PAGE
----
The Air Force is planning to retire the Block 30 variants of its RQ-4 Global Hawk aircraft, most of which are less than ten years old. Senior Air Force officials have noted that the large surveillance assets will be challenged by advanced air defenses. For instance, Iran shot down a Global Hawk in 2019 with surface-to-air missiles. Although the retirement plan is underway, it seems possible that military planners may be able to keep these aircraft flying by making survivability adjustments such as adopting new countermeasures or shifting tactics.
For many years, senior Air Force leaders have talked about the importance of making certain tactical adjustments with larger drone operations such as acting less predictable along a flight path and varying course trajectories while continuing to leverage surveillance cameras at high altitudes. Even U.S. Air Forces in Europe-Air Forces Africa Commander Gen. Jeffrey Harrigian has discussed the need for such changes.
Retiring the Block 30 aircraft would leave the Air Force with a performance gap in an already “surveillance starved” military. By adjusting tactics though, such as flying at altitudes less vulnerable to enemy air defenses, large unmanned aircraft like the Global Hawk could continue to add unique value to the battlefield. In contrast, U-2 surveillance planes are manned and therefore require greater risks. Also, unlike manned spy planes, the Global Hawk can operate for more than twenty-four hours without the interference created by the needs of a flight crew.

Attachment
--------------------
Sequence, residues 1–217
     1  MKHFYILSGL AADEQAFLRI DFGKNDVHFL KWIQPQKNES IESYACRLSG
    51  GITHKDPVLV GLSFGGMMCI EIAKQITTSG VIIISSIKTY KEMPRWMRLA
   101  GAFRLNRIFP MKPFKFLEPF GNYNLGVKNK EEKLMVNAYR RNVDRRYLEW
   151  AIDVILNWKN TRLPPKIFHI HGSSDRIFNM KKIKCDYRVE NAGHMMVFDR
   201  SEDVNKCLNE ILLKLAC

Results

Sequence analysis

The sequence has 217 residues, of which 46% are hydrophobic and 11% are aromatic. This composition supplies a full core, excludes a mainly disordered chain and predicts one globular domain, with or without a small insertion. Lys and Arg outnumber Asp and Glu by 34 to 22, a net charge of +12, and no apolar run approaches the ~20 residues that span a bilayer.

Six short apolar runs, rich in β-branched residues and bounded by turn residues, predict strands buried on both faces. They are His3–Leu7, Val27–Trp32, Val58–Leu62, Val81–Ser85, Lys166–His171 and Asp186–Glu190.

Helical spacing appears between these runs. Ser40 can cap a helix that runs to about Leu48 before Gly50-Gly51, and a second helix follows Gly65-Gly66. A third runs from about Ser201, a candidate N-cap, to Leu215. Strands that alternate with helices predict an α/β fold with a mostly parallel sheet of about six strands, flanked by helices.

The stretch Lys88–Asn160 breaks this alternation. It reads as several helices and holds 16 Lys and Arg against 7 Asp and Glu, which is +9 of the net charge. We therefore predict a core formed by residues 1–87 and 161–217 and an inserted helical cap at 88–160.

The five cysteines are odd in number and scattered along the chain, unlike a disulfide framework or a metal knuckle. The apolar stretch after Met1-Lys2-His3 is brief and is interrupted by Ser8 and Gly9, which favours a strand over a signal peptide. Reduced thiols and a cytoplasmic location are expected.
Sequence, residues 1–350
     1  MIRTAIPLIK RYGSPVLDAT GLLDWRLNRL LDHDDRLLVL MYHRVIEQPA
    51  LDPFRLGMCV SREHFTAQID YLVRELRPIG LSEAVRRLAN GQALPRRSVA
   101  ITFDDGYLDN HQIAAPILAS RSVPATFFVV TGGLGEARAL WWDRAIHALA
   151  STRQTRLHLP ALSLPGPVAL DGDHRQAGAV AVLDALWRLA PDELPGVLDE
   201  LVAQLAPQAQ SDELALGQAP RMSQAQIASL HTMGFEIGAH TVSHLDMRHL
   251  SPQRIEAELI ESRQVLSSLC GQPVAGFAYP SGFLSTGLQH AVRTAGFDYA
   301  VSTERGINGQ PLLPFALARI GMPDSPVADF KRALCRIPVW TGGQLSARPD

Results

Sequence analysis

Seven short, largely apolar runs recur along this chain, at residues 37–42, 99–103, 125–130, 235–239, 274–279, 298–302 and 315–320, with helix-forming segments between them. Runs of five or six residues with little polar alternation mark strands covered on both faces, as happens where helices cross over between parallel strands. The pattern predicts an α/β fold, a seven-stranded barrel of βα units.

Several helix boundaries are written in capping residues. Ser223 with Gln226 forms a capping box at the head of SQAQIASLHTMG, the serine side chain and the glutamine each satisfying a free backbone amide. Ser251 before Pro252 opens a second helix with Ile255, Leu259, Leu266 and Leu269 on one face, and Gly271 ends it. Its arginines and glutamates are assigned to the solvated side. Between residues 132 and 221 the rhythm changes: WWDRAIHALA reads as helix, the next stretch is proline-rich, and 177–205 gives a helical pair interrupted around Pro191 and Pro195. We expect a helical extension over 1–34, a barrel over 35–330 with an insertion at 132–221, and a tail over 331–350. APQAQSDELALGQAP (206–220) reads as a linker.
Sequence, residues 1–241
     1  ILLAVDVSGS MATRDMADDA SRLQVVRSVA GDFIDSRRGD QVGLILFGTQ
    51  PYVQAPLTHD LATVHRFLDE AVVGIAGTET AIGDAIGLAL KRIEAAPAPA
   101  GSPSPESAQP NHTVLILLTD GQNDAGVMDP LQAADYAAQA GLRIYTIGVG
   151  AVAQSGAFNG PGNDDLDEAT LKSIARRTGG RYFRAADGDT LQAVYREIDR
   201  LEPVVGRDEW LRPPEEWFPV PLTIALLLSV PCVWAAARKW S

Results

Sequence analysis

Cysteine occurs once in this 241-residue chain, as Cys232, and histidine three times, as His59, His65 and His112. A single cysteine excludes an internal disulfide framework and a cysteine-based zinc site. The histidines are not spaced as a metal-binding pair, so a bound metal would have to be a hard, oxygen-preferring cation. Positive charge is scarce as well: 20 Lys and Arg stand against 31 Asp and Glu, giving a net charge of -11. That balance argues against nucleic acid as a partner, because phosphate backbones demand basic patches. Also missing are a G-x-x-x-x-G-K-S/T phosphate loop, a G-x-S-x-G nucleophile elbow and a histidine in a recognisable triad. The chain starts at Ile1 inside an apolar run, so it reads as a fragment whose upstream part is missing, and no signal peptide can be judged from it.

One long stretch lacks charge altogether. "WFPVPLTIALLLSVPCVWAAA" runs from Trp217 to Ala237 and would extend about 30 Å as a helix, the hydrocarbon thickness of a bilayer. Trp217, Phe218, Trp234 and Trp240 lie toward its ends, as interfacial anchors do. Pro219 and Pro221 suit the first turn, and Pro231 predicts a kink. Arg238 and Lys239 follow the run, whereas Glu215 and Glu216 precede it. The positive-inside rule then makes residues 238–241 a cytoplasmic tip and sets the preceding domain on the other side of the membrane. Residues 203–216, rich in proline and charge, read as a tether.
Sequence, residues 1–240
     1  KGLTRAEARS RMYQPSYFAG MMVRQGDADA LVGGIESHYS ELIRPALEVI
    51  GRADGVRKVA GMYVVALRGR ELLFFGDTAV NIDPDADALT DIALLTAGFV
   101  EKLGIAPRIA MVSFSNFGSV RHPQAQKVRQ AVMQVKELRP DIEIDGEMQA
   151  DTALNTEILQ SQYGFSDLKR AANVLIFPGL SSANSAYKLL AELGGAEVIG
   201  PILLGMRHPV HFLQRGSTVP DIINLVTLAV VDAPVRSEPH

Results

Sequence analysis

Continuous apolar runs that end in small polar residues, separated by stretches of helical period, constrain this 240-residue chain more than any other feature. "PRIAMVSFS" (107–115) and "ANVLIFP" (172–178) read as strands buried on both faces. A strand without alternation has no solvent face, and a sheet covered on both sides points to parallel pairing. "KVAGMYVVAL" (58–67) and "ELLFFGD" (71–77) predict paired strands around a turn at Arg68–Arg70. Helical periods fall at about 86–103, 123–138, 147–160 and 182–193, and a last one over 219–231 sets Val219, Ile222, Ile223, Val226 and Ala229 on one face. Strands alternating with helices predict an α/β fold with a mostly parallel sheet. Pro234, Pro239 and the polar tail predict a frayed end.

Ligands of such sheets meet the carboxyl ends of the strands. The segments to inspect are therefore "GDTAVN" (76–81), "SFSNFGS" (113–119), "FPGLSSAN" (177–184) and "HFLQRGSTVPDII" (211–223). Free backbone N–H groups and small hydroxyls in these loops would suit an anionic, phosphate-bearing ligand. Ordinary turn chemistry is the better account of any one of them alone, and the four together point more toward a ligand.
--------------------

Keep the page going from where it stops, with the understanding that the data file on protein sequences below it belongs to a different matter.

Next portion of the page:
Kris Osborn is the defense editor for the National Interest. Osborn previously served at the Pentagon as a Highly Qualified Expert with the Office of the Assistant Secretary of the Army—Acquisition, Logistics & Technology. Osborn has also worked as an anchor and on-air military specialist at national TV networks. He has appeared as a guest military expert on Fox News, MSNBC, The Military Channel, and The History Channel. He also has a Master’s Degree in Comparative Literature from Columbia University.